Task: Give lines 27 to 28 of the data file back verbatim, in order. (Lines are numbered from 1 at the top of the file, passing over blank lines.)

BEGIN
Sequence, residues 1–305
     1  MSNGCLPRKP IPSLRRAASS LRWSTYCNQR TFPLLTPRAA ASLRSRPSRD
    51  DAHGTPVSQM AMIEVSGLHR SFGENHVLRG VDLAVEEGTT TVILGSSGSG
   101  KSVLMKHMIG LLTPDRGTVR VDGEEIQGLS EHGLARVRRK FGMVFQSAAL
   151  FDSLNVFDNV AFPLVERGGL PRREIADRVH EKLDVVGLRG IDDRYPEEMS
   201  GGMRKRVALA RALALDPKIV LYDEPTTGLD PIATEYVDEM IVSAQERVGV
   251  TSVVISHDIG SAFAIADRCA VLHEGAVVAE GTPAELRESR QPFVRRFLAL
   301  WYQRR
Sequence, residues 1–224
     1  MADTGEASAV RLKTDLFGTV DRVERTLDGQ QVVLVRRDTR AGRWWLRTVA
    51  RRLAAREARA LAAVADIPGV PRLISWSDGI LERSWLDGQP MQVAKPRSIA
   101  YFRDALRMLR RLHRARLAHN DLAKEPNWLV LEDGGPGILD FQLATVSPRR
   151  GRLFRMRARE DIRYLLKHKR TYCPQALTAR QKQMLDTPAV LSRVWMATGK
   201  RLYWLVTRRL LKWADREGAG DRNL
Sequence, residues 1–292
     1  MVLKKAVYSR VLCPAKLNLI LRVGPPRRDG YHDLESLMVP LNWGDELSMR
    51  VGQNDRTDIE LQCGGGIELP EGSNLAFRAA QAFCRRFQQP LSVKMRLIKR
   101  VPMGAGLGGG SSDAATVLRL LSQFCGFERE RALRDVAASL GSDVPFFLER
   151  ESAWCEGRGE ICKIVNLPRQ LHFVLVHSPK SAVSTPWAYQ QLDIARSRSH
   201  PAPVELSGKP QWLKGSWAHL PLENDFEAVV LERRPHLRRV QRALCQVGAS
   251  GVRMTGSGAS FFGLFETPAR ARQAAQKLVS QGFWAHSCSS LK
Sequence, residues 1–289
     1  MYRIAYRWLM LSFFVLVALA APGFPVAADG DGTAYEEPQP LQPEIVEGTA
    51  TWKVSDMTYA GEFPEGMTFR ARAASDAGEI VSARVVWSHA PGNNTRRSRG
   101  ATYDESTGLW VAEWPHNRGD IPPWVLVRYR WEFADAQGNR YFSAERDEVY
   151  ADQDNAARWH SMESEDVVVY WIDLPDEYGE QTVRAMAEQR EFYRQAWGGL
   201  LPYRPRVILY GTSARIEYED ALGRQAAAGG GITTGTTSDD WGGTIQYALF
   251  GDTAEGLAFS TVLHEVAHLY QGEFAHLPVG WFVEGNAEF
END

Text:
   201  LPYRPRVILY GTSARIEYED ALGRQAAAGG GITTGTTSDD WGGTIQYALF
   251  GDTAEGLAFS TVLHEVAHLY QGEFAHLPVG WFVEGNAEF